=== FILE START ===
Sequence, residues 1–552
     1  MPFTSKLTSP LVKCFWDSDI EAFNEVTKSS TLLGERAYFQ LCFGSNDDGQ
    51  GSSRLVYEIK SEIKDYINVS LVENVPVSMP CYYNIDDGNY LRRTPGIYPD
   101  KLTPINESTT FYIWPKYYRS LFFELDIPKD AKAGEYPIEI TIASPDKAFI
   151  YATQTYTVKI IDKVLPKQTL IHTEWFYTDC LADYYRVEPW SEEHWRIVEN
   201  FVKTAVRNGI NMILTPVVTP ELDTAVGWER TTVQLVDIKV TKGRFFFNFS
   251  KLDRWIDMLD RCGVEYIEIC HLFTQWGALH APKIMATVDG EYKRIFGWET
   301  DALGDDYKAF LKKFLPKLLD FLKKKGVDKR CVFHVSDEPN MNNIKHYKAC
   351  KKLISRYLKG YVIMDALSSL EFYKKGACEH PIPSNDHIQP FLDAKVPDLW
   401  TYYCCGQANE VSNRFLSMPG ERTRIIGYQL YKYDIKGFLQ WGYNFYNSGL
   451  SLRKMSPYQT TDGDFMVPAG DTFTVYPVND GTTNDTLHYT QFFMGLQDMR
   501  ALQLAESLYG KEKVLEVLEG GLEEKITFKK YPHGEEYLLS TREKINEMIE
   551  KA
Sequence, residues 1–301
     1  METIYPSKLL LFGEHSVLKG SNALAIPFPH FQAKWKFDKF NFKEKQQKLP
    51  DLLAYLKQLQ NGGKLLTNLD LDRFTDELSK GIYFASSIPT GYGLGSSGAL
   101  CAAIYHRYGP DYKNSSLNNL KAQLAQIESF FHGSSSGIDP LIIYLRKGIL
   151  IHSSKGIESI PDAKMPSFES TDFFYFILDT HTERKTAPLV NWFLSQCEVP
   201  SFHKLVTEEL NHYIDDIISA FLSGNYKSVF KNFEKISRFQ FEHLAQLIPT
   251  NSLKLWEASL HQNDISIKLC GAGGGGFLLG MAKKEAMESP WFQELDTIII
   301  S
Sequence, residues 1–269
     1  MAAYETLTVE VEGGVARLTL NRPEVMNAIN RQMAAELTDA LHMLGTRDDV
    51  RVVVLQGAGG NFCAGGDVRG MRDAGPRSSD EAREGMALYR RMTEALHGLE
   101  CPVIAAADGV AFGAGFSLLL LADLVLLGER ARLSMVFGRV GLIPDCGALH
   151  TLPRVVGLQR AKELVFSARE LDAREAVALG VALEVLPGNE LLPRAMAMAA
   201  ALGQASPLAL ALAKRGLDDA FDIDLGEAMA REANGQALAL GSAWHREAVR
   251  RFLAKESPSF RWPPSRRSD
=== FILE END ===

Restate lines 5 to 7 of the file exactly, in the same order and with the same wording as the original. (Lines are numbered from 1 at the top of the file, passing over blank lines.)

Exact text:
   151  YATQTYTVKI IDKVLPKQTL IHTEWFYTDC LADYYRVEPW SEEHWRIVEN
   201  FVKTAVRNGI NMILTPVVTP ELDTAVGWER TTVQLVDIKV TKGRFFFNFS
   251  KLDRWIDMLD RCGVEYIEIC HLFTQWGALH APKIMATVDG EYKRIFGWET